The NBA rumor mill suggests the Philadelphia 76ers could fill the void left behind by James Harden with an All-Star replacement.
That may not be the best move they can make, though.
The Harden-less Sixers might already be set on stars thanks to the reigning MVP Joel Embiid and skyrocketing star Tyrese Maxey. They’ll still examine those options, of course, as Michael Scotto of HoopsHype reported Philly plans to “keep an eye on” Zach LaVine and OG Anunoby, plus “monitor” Donovan Mitchell and Bojan Bogdanović.
If Philly tiered these players by name recognition alone, Bogdanović would easily bring up the rear. Flip the conversation to fit and trade costs, though, and the veteran swingman might be just what the Sixers need.
Regardless how the Sixers handled Harden this season, nothing was going to mean more to their success than the development and maturation of Maxey.
The 23-year-old had turned heads in the past, but a leap to full-fledged stardom loomed as a possible fortune-changer for Philadelphia. So far, that’s exactly what the Sixers have seen. The fourth-year guard has spiked his production across the board, resulting in a wholly dominant per-game stat line of 26.2 points, 6.6 assists, 5.2 rebounds and 3.2 three-pointers, plus a sparkling 48.9/47.1/93.1 slash line.
Making matters even more exciting for Philly, the Sixers aren’t convinced this is all Maxey has to offer.
“He’s got to not get into those modes where he’s not being aggressive,” Sixers head coach Nick Nurse told reporters. “I’m not criticizing him. I’m just trying to keep imploring that (he) needs to be more aggressive.”
The Sixers are smartly trying to foster Maxey’s growth, so adding someone like LaVine or Mitchell wouldn’t make sense. They’d need a ton of touches, meaning Maxey wouldn’t get as many to expand his game, and they could expose this backcourt on the defensive end, since it’d be manned be two offense-first players lacking great size.
If you built the ideal player to add to this team, you might end up creating someone who looks an awful lot like Anunoby.
The 6’7″ swingman is perfectly suited to support stars around him. He makes the short list of the league’s best defenders. He can consistently and capably shoot the three-ball. He can add offensive value without dominating the basketball, but he has enough off-the-dribble verve to go get a bucket when it’s badly needed.
Yet, all of the above is also the reason he’s unlikely to land in Philadelphia. They’re all good arguments for the Toronto Raptors to simply keep him around and try like heck to re-sign him next summer. They’re also reasons why rival suitors might be inclined to part with a package the Sixers can’t match should he become available.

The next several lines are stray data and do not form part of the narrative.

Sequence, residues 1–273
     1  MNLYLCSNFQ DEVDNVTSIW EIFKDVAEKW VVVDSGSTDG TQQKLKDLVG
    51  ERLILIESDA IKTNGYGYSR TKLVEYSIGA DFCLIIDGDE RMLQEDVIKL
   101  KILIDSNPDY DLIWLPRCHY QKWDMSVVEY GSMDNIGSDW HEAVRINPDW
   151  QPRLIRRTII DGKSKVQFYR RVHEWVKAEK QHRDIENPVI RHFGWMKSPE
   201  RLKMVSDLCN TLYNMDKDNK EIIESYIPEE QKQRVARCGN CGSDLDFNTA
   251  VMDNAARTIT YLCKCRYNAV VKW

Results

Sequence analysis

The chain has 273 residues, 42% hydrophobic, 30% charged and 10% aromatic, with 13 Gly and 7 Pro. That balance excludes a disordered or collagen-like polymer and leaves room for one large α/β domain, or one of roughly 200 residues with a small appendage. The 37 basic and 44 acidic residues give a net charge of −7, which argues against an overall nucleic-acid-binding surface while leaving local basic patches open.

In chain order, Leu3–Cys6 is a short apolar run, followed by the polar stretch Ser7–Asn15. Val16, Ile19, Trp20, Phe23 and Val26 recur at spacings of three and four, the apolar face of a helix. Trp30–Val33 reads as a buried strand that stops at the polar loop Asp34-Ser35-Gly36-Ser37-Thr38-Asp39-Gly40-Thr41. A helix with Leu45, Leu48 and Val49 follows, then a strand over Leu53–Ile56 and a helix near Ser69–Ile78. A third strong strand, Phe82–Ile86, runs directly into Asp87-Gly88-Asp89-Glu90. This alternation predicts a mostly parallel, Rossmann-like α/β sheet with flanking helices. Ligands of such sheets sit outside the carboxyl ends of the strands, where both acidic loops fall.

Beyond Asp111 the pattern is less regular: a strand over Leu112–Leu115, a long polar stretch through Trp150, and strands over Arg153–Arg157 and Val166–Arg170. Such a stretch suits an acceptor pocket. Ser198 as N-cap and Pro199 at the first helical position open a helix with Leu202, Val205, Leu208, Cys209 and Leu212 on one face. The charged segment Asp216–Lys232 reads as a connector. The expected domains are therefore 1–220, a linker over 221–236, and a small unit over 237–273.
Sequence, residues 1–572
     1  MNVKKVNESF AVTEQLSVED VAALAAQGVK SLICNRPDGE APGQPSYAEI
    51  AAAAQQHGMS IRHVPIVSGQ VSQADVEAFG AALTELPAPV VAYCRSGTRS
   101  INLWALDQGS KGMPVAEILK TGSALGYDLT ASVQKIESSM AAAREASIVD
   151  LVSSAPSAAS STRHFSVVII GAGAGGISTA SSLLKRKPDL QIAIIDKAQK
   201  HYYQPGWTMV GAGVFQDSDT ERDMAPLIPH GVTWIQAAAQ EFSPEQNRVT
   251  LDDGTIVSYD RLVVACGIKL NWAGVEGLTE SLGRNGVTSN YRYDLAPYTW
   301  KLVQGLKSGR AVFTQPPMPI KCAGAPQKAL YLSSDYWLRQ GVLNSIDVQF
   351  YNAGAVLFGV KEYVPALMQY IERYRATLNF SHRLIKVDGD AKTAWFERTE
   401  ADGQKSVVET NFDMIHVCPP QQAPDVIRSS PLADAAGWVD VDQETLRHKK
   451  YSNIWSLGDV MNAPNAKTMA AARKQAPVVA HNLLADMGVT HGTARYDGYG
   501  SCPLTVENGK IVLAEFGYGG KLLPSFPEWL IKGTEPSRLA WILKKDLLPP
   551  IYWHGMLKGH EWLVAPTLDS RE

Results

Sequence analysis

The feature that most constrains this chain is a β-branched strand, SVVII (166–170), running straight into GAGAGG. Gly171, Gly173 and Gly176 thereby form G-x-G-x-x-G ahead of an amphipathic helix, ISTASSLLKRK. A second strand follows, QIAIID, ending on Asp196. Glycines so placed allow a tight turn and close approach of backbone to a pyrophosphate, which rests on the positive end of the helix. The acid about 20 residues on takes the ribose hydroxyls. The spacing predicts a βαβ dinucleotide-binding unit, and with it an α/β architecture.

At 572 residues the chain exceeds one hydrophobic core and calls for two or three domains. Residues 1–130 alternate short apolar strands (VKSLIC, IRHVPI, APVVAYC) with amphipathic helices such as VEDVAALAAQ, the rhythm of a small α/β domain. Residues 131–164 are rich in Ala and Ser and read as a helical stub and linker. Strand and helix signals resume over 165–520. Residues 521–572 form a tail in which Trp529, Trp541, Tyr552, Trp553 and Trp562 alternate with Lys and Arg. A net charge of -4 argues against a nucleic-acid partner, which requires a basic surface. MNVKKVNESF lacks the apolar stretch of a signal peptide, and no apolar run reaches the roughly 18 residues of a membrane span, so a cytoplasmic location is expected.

Three first-round picks weren’t enough to get Anunoby last season. Maybe that means Toronto just has no intention to move him. If not, though, it probably means the Raptors would seek more than the Sixers can offer.
If the Sixers took a massive swing on someone like Mitchell, LaVine or Anunoby, that would probably be the only chance they get to add an impact player. All three would require a substantial amount of trade assets to send out, and they’d all clog up the cap moving forward—Mitchell and LaVine for what they already make, Anunoby for what he’d fetch next summer.
You could argue this team is close enough to contention to justify making an all-in deal, but it has to be for the right player. And again, it’s hard to picture either Mitchell or LaVine as the missing piece, just like it’s tough to imagine the Sixers having enough to land Anunoby.
That’s why a more sensible swap for Bogdanović could be the move to make. Assuming the calf strain that’s sidelined him so far doesn’t linger, he’d be a plug-and-play source of support scoring, steady shot-making and a pinch of playmaking. Last season, he not only pumped in a career-high 21.6 points, he did so while flirting with a 50/40/90 slash (48.8/41.1/88.4).
He won’t cost a fortune, as a 34-year-old non-star on a rebuilding team, and he wouldn’t eat into much of Philly’s 2024 cap space unless the Sixers wanted him to, as only $2 million of his $19 million salary for 2024-25 is guaranteed, per Spotrac. So, Philly could get the instant gratification of an impact addition without much in the way of long-term costs. That sure sounds like good basketball business to us.